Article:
IPv4: High Demand, Uncertain Supply, Rising Costs
When regional ISPs begin utilizing government funding to expand their network to unserved subscribers, homes, or businesses, they may quickly discover IPv4 address cost as a roadblock that they hadn’t calculated into their budgets. IPv4 exhaustion has been an industry topic for over 20 years and a technical problem that larger service providers have already addressed through a combination of IPv6, CGNAT, dual-stack and IPv4-IPv6 transition strategies. However, for many smaller ISPs with limited budget, resources, or prior opportunity for significant subscriber growth, the influx of significant funding may be the first opportunity they have had to reassess the requirements of their core network, including the capacity of their existing IPv4 address pools and a plan to eventually transition to IPv6.
A proper five-year business analysis of the pros and cons of IPv4 and IPv6 transition is a daunting task with several significant, but highly unpredictable variables. While the annual number of additional subscribers/homes passed is fairly predictable, the volume and type of traffic to be generated is not. Also, while additional IPv6 addresses are mostly “free” through regional RIRs, the cost and availability of IPv4 address blocks are governed by hot market supply/demand through third party brokers. Costs have skyrocketed to $60 per IPv4 address in the last year. A reasonable business cost assessment must estimate several highly unpredictable variables:
- How much could IPv4 cost in the future?
- With a CGNAT solution, how much can I oversubscribe (share) my IPv4 addresses? Does it vary in my mobile network versus my wireline network?
- How many total subscribers could be supported with a CGNAT solution before I have to acquire more IPv4 addresses?
These are some of the key factors that must be addressed for any credible analysis.
The A10 IPv4 Address Cost Estimator Tool
A10 recently published a quick assessment tool that allows network analysts and their management to structure some of the uncertainties involved in the analysis of IPv4 costs. The IPv4 Address Cost Estimator is an interactive, online tool that provides three potential IPv4 cost scenarios and estimates subscribers that can be supported based on two different traffic profiles. All inputs and assumptions behind the model use actual industry data. Using this tool will enable the network analyst to quickly assess the range of IPv4 cost scenarios and get a better handle on how they should move forward. A personalized, deeper assessment is also available through a sales consultation.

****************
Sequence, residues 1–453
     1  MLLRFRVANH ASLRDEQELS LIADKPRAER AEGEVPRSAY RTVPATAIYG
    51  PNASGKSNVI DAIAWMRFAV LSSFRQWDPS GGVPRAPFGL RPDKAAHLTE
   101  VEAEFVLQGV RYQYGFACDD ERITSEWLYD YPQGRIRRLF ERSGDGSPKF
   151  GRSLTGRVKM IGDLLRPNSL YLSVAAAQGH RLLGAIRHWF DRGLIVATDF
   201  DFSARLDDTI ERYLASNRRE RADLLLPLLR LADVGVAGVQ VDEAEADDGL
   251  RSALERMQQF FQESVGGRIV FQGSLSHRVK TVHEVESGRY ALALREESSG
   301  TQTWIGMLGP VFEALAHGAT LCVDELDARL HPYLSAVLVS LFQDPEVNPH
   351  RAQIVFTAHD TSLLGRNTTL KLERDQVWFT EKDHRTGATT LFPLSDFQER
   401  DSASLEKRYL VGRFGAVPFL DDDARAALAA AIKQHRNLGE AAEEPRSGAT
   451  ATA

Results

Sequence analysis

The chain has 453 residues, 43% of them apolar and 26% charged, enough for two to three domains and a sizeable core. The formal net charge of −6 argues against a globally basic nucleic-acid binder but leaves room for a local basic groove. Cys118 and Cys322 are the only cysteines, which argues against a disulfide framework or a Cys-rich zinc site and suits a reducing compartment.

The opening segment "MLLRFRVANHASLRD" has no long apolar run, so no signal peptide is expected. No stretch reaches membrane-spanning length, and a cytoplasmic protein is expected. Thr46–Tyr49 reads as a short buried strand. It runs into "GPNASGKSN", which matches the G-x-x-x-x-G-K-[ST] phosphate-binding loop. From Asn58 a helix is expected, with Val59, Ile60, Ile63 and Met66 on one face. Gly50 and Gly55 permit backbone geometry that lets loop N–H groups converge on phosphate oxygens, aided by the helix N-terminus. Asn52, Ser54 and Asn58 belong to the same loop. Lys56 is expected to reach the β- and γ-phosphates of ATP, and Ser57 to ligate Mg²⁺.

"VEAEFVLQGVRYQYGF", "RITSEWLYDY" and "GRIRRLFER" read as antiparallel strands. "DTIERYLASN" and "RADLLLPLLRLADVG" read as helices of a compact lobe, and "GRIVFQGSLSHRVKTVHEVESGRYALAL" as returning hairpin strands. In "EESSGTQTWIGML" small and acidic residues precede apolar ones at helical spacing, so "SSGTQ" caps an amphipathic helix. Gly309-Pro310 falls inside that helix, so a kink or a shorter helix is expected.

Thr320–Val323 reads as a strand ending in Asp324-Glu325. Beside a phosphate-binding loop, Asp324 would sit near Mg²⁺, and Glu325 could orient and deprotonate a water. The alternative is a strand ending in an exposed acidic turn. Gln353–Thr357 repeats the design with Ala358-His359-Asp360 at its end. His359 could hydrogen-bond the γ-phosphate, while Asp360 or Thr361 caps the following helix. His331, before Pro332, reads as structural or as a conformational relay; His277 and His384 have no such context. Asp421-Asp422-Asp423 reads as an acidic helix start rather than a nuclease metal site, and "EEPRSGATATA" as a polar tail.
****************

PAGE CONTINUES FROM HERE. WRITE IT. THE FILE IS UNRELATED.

IPv4 Exhaustion Creates Rollercoaster Costs
The “free” IPv4 addresses from the Regional Internet Registries (RIRs) have now been fully allocated. Today, almost every block has been assigned to some entity. RIPE (the Regional Internet Registry for Europe, the Middle East and parts of Central Asia) made its last 22-block assignment in November 2019. As a result, IPv4 addresses are in short supply and prices from open market sources have skyrocketed.
In 2021, the open market “price” of an IPv4 address in a 256 address block ( /24) in North America, jumped from a low of $25 each in January to a high of $60 in late November. The price in the first four months of 2022 has hovered between $50 – $55. What would be the expected price for an ISP looking to acquire more IPv4 addresses to sustain growth in the next few years? Will that high growth in price continue for the next five years, or has it now “topped out” and will increase only marginally.
The A10 IPv4 Address Cost Estimator tool provides three reasonable cost scenarios that can be considered for predicting future IPv4 acquisition costs. It then calculates the total cost of acquiring these IPv4 addresses over five years, given the subscriber growth and price scenario chosen.
In these three scenarios, it is assumed that the service provider can expect to pay the average cost, not the highest peak price.
- Conservative: Costs have topped out. The skyrocketing costs of IPv4 addresses have stopped and only small increases (~5%) can be expected over the next five years. By 2026, average price will hit $47.